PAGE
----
Thon Man Molière by Liz Lochhead at The Royal Lyceum
until 11 June 11 2016
‘or whit got him intae all that bother…’
This salaciously delicious, self referencing farce, delivered in contemporary Scots dialect with occasional robust vernacular, is a play woven within Moliere’s own plays as works in progress or lack of.
Often proscribed, they were venal satires of intuitional hypocrisy thinly disguised as foppish King Louis’ Court comedies of error and manners. Molière ever the niggling gadfly in the ointment. Tragedy may eventually have the last laugh but at the expense of tripping over its own hubris.
To win the patronage of the King meant sink or swim and thon man Molière is Hell bent on causing himself and others a tsunami of grief in the process.
Director, Tony Cowrie clearly delights in taken as much lascivious licence as he can with Liz Lochhead’s’ script, itself loosely based on Mikhail Bulgakov’s 1932 hommage to thon man himself. Appropriately enough also banned as subversive by the Soviets.
Fading, frustrated beauty, Madeleine Béjart, (the sizzlingly authoritive Siobhan Redmond) actor and Theatre Company manager, is adamant that her teenage daughter, Mathurine ( a giddily convincing Leigh Simpson) will never set foot on the stage. Mathurine has another opinion on that.
Jimmy Chisholm’s superb Molière, known as Poquè, is a grotesque conundrum of near genius seething wit, preposterous self-aggrandisement and highly dubious fidelity. Madeleine once had a flame for Poquè which still casts ominous shadows of doubt.
The lofty Baroque stage is economic in its settings, Designer, Neil Murray, evoking a mixture of slightly neglected Neopolitan splendour augmented by enormous tumbled painted cherubs and seraphim as if struggling to escape from some Piranesi classical ruin. Characters in role, in tears of woe or joy, often both, come and go in a constant flurry of scandalised need to gossip about others outrageous doings.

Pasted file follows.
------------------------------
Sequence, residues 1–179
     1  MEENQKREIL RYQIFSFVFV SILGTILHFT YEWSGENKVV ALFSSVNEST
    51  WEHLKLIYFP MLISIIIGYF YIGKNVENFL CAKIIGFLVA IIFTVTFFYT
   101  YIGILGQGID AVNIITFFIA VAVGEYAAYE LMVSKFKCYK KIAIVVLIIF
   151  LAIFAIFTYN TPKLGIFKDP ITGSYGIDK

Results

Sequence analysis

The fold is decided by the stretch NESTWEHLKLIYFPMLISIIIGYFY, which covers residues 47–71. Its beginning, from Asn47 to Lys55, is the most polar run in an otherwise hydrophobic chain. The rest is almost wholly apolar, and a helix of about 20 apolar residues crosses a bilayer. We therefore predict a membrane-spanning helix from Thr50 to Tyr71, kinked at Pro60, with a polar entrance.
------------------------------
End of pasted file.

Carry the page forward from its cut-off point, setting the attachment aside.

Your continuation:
For Nicola Roy as Therese Du Parc this has become an art form refined, exquisite as a Faberge egg stuffed with maggots. Through all this the only guiding compass of stability and reason is the ever stalwart Toinette (Molly Innes) Madeleine’s maid and homespun philosopher. Her inevitable take on the ever increasing chaos descending upon the Company preceeds with the modest disclaimer, ‘Well, I’m not the one to say it out loud, but…’ or variations on same.
A more somber and melancholy air of ambivalent morality pervades Act 2. Molièr’s marriage to still sixteen year old Mathurine gives rise to rumours of such scandalous suggestion that Madeleine confronts his paternal denial of their new born baby, Loius. Who is Mathurine’s true father? The supporting ensemble cast of vainglorious talent-lite fops provide rumbustuous distractions as their conceits and follies are portrayed in agonising love-tussled tantrums and front of curtain luvvie limelight mime.
Molière’s denoument rant is an exposition of bilious fury, not least his spleen venting ridicule of Sophoclean Tragedy – Chisholm excels himself. Think part Restoration Drama with outrageously florid costumes to die for, door slamming, cupboard concealed cuckold Farce with lashing of swooning melodrama. The roar of the greasepaint – the smell of the crowd! Bigamists both, Poquè and Madeleine concede their ‘ …only true marriage was to the Theatre.’